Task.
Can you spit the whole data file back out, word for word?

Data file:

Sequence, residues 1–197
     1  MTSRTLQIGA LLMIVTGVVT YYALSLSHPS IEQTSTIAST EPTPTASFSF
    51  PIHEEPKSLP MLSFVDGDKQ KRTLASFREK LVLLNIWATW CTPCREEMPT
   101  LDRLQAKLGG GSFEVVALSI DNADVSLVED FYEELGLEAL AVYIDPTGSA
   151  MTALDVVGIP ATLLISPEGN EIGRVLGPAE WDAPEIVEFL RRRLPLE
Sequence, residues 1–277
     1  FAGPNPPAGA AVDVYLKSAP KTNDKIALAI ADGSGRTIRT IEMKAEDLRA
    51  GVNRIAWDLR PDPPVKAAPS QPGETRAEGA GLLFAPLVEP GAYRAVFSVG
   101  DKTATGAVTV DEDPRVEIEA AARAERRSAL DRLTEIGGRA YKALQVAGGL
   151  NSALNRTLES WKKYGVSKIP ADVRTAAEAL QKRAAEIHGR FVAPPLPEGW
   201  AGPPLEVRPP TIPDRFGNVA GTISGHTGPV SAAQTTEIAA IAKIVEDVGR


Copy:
Sequence, residues 1–197
     1  MTSRTLQIGA LLMIVTGVVT YYALSLSHPS IEQTSTIAST EPTPTASFSF
    51  PIHEEPKSLP MLSFVDGDKQ KRTLASFREK LVLLNIWATW CTPCREEMPT
   101  LDRLQAKLGG GSFEVVALSI DNADVSLVED FYEELGLEAL AVYIDPTGSA
   151  MTALDVVGIP ATLLISPEGN EIGRVLGPAE WDAPEIVEFL RRRLPLE
Sequence, residues 1–277
     1  FAGPNPPAGA AVDVYLKSAP KTNDKIALAI ADGSGRTIRT IEMKAEDLRA
    51  GVNRIAWDLR PDPPVKAAPS QPGETRAEGA GLLFAPLVEP GAYRAVFSVG
   101  DKTATGAVTV DEDPRVEIEA AARAERRSAL DRLTEIGGRA YKALQVAGGL
   151  NSALNRTLES WKKYGVSKIP ADVRTAAEAL QKRAAEIHGR FVAPPLPEGW
   201  AGPPLEVRPP TIPDRFGNVA GTISGHTGPV SAAQTTEIAA IAKIVEDVGR